The appeal of collecting classic cars
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As the New Year begins, I once again find myself thinking about just what it is about classic cars that so enthralls me, even after all these years. And equally puzzling to me is why everybody doesn’t “get it.” It’s kind of like politics; whatever your political leaning, you simply can’t understand how the rest of the country doesn’t understand what you do. What’s wrong with them?
So rather than ponder the question in some sort of ethereal cosmic way, I’m going to attempt to quantify just what it is about classic cars that afflicts me with what my wife calls “the sickness.”
Envisioned by artists and created by craftsmen in an era when form took precedence over function, classic cars transcend time to touch our lives in a myriad of ways that could not have been anticipated by their creators up to a century ago.
Classic cars touch not only the lives of the millions of collectors who have a genetic predisposition for “the sickness”; it also touches the lives of those who see classic cars as investments, art, nostalgia, and therapy.
As investments, classic cars have outperformed both the Dow and the S & P on an annual basis over the past decade. During the past 36 months in particular, those whose portfolios included investment grade classic cars were able to take solace in the fact that these cars continued to appreciate in value even as their 401Ks became 201Ks.
As an art form, classic cars grace the collections of museums throughout the world, as well as some of the finest private collections, such as that of Ralph Lauren.
Nostalgia is the driving force for many collectors. In what other medium can one choose an era to which they would like to return as a participant, not an observer? Choose the year you would like to return to, pick a car model, pick a color, tune in to your favorite AM radio station, and you’re instantly transported back to a time and place of your choice…..a virtual reality of sorts for those who were born before the term “virtual reality” existed.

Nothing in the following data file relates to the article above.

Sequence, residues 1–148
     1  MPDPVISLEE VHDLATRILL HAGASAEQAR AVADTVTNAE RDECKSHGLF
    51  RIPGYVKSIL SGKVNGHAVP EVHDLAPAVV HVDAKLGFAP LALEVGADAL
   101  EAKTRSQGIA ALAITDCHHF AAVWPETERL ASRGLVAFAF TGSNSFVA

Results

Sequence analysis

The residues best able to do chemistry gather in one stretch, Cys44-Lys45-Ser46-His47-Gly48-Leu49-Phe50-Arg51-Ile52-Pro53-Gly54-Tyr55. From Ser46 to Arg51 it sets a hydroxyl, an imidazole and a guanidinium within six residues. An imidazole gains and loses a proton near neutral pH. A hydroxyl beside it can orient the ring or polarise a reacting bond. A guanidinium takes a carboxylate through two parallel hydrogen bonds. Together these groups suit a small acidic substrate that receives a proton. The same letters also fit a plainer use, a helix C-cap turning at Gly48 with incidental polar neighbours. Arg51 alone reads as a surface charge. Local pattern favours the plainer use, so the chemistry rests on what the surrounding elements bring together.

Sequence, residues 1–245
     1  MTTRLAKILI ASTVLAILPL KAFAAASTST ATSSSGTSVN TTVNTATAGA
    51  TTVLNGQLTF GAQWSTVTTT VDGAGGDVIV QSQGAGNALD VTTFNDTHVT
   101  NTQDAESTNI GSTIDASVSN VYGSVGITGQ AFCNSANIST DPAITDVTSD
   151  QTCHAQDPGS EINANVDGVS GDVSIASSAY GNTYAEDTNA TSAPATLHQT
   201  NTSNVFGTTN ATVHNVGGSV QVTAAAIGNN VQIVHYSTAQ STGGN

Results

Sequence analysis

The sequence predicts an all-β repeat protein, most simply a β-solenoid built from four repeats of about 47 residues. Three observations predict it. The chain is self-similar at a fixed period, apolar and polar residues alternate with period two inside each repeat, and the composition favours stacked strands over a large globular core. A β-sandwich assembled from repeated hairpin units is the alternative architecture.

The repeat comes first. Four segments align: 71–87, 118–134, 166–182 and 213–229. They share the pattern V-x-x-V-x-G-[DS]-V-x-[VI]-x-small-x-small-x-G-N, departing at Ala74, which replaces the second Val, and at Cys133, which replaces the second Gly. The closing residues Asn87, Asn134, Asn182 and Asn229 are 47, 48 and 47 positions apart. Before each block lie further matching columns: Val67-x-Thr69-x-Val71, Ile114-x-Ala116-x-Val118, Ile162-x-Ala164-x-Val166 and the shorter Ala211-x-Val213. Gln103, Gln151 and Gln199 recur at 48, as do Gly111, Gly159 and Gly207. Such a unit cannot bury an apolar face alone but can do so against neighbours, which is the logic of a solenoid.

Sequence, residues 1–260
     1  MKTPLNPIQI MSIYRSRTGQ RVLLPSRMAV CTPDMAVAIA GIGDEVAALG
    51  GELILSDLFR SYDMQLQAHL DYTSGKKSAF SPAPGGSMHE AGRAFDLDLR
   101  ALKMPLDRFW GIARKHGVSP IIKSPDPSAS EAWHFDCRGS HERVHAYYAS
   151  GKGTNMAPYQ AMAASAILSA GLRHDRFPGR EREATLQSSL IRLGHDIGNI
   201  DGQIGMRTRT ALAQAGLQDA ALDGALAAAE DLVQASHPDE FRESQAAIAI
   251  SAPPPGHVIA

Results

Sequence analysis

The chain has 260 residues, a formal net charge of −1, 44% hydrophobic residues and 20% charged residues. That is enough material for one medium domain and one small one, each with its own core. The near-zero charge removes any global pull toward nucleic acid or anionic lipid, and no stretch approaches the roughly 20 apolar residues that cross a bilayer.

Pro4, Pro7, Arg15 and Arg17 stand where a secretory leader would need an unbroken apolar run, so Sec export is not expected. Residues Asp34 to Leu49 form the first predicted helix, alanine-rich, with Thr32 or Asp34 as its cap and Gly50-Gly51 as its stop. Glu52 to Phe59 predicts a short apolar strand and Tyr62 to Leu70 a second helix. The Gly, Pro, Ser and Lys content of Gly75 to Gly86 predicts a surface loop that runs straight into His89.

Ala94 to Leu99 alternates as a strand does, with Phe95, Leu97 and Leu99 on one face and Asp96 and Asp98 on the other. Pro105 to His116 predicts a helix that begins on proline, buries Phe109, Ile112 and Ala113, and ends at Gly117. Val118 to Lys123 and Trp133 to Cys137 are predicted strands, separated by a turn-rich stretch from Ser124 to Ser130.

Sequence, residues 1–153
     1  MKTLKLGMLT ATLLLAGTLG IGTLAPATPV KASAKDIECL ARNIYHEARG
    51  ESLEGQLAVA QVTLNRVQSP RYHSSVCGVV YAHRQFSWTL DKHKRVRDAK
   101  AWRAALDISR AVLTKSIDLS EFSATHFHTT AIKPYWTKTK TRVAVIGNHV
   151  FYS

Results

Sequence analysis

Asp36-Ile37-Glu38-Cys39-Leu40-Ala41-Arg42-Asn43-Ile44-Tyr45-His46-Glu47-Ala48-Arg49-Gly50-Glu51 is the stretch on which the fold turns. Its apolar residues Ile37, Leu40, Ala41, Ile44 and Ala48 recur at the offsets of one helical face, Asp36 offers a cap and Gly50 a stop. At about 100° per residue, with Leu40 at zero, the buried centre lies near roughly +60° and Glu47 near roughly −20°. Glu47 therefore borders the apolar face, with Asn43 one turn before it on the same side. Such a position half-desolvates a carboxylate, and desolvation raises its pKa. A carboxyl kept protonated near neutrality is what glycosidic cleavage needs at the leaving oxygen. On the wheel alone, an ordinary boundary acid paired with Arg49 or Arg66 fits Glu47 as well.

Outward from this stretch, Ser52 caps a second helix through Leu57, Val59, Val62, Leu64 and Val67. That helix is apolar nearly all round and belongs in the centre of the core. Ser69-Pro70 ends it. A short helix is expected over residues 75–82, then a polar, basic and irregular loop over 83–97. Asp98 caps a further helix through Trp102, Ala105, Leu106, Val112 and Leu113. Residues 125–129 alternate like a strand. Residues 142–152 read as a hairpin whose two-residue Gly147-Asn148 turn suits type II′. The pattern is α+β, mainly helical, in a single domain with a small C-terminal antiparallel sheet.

“You don’t see classic cars in therapist’s parking lots.” Whether or not this old adage has any basis in fact really doesn’t matter, as most classic car owners use their car as therapy in one form or another. For some, the act of collecting, the hunt so to speak, is a form of therapy. For others it’s a central point around which one can sit with friends while enjoying a beer in the garage, or a glass of champagne at a concours car show. Still for others, it’s a place to silently get lost in your thoughts while doing light maintenance or polishing the chrome.
Even those who feel no attraction to classic cars can’t help but notice when one turns the corner, or pulls up behind them at the gas pump, if for no other reason than that it stands out from all of the generic cars produced by manufacturers today.
If one had to define the essence of a classic car, “form over function” would certainly have to be at the core of this definition. Although there are many definitions of “classic car,” almost all would agree that with few exceptions any car that would be considered classic would be at least 40 years old. Going back 40 years and earlier we find that cars were designed by designers whose main concern was form. Once the car was designed, engineers were tasked with figuring out how to make it function. Hence, form over function.
Designers such as Bill Mitchell (Cadillac & Corvette), Virgil Exner (Chrysler & Studebaker), Ferdinand Porsche (Porsche), Sir William Lyons (Jaguar), Ettore Bugatti (Bugatti), and Battista Pininfarina (Ferrari, Maserati, Rolls-Royce, Cadillac, Jaguar, Alfa Romeo and Lancia) have penned some of the worlds most beautiful and collectible cars with the vehicle as an art form foremost in their mind.
The automobiles of today are designed by craftspeople with titles such as stylist, aerodynamicist, metallurgist, cad-cam engineer, mechanical engineer, electrical engineer, and other such names as befit their highly specialized field of expertise. Function, not form, is at the heart of their design, and understandably so when priorities include fuel economy, crashworthiness, reliability, reparability, and even the ability to be completely recycled when it’s reached the end of its useful life…not unlike a plastic bottle or can of soda.
I wonder if today’s children will grow up with their equivalent of our fond auto-centric memories. I can remember asking my parents if we could “make a big window” by rolling down the front and rear side windows on our pillar-less hardtop. Or sitting facing backwards in the third row of our Pontiac Safari station wagon. Dare I say, I even recall the times that my father would recognize a friend’s car stopped at a red light in front of us.
He would slowly pull forward until he bumped that car a few times. When the light turned green both cars would pull to the curb and friends would stop and talk for a while. Try that today and you’ll get a hefty repair bill, or an air-bag in your face.
For those of us afflicted with “the sickness,” we simply can’t imagine our lives without classic cars.